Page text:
Between Urban Topographies and Political Spaces: Threshold Experiences uses the term "threshold" as a means to understand the relationship between Self and Other, as well as relationships between different cultures. The concept of "threshold" defines the relationship between inside and outside not in oppositional terms, but as complementaries. This book discusses the cultural and social "border areas" of modernity, which are to be understood not as "zones" in a territorial sense, but as "spaces in between" in which different languages and cultures operate. The essays in Between Urban Topographies and Political Spaces identify the dimension in urban topographies and political spaces where we are able to locate paradigmatic experiences of thresholds. Because these spaces are characterized by contradictions, conflicts, and aporias, we propose to rethink those hermeneutic categories that imply a sharp opposition between inside and outside. This means that the theoretical definition of threshold put forward in these essays-whether applied to history, philosophy, law, art, or cultural studies-embodies new juridical and political stances.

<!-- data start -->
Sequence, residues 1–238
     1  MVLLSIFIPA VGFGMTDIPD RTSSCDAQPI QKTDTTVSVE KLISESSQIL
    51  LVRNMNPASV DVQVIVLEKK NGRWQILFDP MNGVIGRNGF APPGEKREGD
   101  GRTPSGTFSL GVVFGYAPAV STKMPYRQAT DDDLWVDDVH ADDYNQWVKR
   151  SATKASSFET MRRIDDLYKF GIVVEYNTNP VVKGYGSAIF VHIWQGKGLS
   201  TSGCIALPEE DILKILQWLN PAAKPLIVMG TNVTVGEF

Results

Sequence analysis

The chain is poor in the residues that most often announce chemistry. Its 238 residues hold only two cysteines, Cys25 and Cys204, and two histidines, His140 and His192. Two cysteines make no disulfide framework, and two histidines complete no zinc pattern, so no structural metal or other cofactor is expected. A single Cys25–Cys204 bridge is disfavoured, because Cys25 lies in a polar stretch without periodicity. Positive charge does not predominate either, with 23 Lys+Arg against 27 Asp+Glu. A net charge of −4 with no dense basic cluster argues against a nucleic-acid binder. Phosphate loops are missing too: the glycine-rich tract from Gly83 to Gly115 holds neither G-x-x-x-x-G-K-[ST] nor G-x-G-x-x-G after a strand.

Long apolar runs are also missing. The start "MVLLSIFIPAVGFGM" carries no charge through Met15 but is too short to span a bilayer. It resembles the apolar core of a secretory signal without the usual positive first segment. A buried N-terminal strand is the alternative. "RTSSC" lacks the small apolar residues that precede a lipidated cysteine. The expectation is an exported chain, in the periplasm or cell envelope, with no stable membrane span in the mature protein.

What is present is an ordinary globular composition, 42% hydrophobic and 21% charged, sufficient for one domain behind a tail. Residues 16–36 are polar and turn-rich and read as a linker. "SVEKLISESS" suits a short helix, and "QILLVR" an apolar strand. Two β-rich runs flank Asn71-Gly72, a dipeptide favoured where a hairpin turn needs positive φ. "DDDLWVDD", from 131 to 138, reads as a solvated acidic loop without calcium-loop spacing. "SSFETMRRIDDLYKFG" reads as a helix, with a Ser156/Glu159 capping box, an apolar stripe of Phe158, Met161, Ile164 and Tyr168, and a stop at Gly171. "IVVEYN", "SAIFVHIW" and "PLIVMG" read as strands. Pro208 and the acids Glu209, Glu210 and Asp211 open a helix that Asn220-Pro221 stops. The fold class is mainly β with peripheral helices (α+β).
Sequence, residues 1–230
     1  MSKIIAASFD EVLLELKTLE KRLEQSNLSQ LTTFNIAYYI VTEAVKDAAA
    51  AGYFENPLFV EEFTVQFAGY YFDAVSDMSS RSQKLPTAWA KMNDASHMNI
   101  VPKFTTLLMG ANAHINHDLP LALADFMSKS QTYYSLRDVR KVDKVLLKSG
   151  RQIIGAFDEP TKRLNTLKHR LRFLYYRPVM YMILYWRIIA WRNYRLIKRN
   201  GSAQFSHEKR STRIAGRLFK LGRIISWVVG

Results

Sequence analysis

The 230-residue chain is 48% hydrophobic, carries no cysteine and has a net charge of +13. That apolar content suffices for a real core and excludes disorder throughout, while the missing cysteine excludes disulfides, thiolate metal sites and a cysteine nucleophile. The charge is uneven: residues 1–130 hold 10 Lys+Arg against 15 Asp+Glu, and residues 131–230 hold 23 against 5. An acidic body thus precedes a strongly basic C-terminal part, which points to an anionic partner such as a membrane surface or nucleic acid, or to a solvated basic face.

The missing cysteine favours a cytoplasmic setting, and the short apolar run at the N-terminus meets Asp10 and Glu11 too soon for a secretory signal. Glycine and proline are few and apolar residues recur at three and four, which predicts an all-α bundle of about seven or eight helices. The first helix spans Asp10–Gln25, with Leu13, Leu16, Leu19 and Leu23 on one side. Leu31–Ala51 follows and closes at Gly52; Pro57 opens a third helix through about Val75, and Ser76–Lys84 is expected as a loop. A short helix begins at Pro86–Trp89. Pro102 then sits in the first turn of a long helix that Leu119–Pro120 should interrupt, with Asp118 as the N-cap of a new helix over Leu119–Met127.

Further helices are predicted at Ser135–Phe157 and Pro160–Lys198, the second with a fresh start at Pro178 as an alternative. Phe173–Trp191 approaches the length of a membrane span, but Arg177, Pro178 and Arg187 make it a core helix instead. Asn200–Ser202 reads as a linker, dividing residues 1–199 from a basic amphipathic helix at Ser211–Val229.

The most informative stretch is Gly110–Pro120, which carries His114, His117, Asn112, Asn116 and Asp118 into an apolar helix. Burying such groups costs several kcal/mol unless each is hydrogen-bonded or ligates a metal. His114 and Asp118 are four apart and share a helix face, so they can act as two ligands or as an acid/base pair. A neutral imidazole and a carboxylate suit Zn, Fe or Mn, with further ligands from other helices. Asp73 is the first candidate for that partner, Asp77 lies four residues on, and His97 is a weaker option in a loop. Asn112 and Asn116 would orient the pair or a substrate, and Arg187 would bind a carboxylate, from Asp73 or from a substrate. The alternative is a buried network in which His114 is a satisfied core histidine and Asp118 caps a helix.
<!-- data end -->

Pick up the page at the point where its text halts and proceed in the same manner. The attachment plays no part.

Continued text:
Publisher: Lexington Books
Number of pages: 220
Weight: 458 g
Dimensions: 237 x 162 x 20 mm
The refreshingly transdisciplinary essays in this timely volume make an impressive case for the Benjaminian concept of threshold experiences as a key paradigm for the 21st century. Ranging from European cultural and philosophical heritage to its political reality, they encourage us to embrace the complementarity in opposites. -- Ingo Cornils, University of Leeds
The threshold has long been recognized as a central organizing concept and figure in the work of Walter Benjamin and in the broad array of work in the humanities influenced by him. Between Urban Topographies and Political Spaces represents an important contribution to our understanding of this problem. Its essays focus on a number of key issues within the broader topic of space and liminality, emphasizing not just the physical spaces explored by Benjamin himself (Naples, Paris), but the threshhold spaces between genres, disciplines, concepts, and the sexes. A particularly intriguing opening section intervenes in contemporary debates on the idea of Europe, using Benjamin's ideas as a launch pad-and hammer. This volume is a signal scholarly achievement. -- Michael W. Jennings, Princeton University